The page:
|Filed Aug. 20, 2003|
Patrick T. McMorrow, Petitioner and Appellant
State of North Dakota, Respondent and Appellee
Appeal from the District Court of Cass County, East Central Judicial District, the Honorable Ralph Robert Erickson, Judge.
Opinion of the Court by Neumann, Justice.
Monty Grant Mertz, P.O. Box 10396, Fargo, N.D. 58106-0396, for petitioner and appellant; submitted on briefs. Lori Sue Mickelson, Assistant State's Attorney, and Trent William Mahler, Assistant State's Attorney, P.O. Box 2806, Fargo, N.D. 58108-2806, for respondent and appellee; submitted on briefs.
McMorrow v. State
[¶1] Patrick T. McMorrow appealed a judgment denying his motion for post-conviction relief. We affirm.
[¶2] McMorrow pleaded guilty to charges of failure to register as a convicted sex offender, terrorizing, and violation of a protection order. McMorrow appealed the convictions for violation of a protection order and terrorizing, but the appeals were dismissed at his request. McMorrow filed an application for post-conviction relief, asserting ineffective assistance of counsel, excessive bail, failure to comply with discovery requests under N.D.R.Crim.P. 16, failure to dismiss counsel, an inadequate law library, cruel and unusual treatment in jail, police violation of his civil rights, and failure to appoint a private investigator. The State filed a response to McMorrow's application and, under N.D.C.C. § 29-32.1-09, moved for summary disposition dismissing McMorrow's application. After a hearing, the court concluded McMorrow failed to meet his burden and denied his application.
[¶3] McMorrow has raised the following issues on appeal from the judgment denying his application:
I. Whether The Trial Court's Finding that Mr. McMorrow Failed to Prove Prosecutorial Misconduct was Clearly Erroneous.
II. Whether The Trial Court's Finding that Mr. McMorrow Failed to Prove Relevance of the Civil Restraining Order Proceedings was Clearly Erroneous.
III. Whether The Trial Court's Finding that Mr. McMorrow Failed to Prove that He was Prejudiced by Excessive Bail was Clearly Erroneous.
IV. Whether The Trial Court's Finding that Mr. McMorrow Failed to Prove a Rule 16 Violation was Clearly Erroneous.
V. Whether The Trial Court's Finding that Mr. McMorrow Failed to Prove Ineffective Assistance of Counsel was Clearly Erroneous.
VI. Whether the Trial Court's Denial of Mr. McMorrow's Several Pre-Hearing Motions was an Abuse of Discretion.
[¶4] "Post-conviction proceedings under N.D.C.C. ch. 29-32.1 are civil in nature." Abdi v. State, 2000 ND 64, ¶ 8, 608 N.W.2d 292. An applicant for post-conviction relief has the burden of establishing grounds for relief. Berlin v. State, 2000 ND 206, ¶ 7, 619 N.W.2d 623.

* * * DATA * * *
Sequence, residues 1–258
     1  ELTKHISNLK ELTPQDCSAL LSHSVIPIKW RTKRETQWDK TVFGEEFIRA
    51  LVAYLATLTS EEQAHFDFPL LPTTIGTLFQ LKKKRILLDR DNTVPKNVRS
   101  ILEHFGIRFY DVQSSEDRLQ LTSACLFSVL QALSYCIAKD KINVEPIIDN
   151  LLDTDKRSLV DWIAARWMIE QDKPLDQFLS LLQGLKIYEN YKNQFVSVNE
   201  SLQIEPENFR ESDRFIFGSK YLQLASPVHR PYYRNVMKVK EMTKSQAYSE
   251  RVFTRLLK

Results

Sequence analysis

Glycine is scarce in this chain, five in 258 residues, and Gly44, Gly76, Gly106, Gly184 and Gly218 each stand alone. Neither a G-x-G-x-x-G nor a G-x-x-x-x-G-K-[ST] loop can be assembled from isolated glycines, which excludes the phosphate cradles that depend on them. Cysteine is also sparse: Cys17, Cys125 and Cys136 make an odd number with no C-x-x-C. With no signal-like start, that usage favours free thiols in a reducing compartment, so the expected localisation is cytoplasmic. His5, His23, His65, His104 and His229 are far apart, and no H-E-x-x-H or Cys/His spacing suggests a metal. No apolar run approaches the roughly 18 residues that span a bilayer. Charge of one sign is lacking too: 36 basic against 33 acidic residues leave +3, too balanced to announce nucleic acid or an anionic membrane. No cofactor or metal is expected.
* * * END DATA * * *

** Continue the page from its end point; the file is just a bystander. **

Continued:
[¶5] McMorrow pleaded guilty to the charges involved in this post-conviction proceeding. Defendants who voluntarily plead guilty waive the right to challenge nonjurisdictional defects occurring before entry of the guilty plea. Eaton v. State, 2001 ND 97, ¶¶ 6, 7, 626 N.W.2d 676. "[A] defendant may not withdraw an accepted guilty plea unless withdrawal is necessary to correct a manifest injustice," Berlin v. State, 2000 ND 13, ¶ 13, 604 N.W.2d 437, and "[a] defendant who pleads guilty upon the advice of counsel 'may only attack the voluntary and intelligent character of the guilty plea,'" Damron v. State, 2003 ND 102, ¶ 9, 663 N.W.2d 650, quoting Tollett v. Henderson, 411 U.S. 258, 267 (1973). Because McMorrow has asserted alleged prosecutorial misconduct, violations of N.D.R.Crim.P. 16, and excessive bail occurring before he pleaded guilty made the pleas involuntary, we will address those issues.
[¶6] McMorrow contends the trial court's finding he failed to prove prosecutorial misconduct is clearly erroneous. He argues in his brief:
Mr. McMorrow presented testimony and exhibits which established that he was prosecuted at the same time that Ms. Paula Larson was engaging in similar behavior, and his requests for equal treatment were rejected at every turn. There was no legitimate reason for the discriminatory behavior of the authorities. This unequal treatment violated his substantial rights.
[¶7] "Selective prosecution, if based upon improper motives, can violate equal protection." Gale v. North Dakota Bd. of Podiatric Medicine, 1997 ND 83, ¶ 32, 562 N.W.2d 878. We addressed selective prosecution in State v. Kraft, 539 N.W.2d 56, 58 (N.D. 1995):
A defendant alleging selective prosecution must show that the State has not generally prosecuted other similarly situated persons and that the State selected the defendant for prosecution for discriminatory reasons. . . . A failure to prosecute one person, similarly situated, does not meet the threshold of our selective enforcement test. Kraft's fundamental complaint is that he has been prosecuted while an equally guilty person has not been; even if this is true, it is not a defense.The trial court found McMorrow "has not made a sufficient showing of improper motive of law enforcement or prosecutors in pursuing prosecution of [McMorrow]. Based upon the records before the Court, there is no showing of selective prosecution." We conclude the court's finding there was no showing of selective prosecution is not clearly erroneous.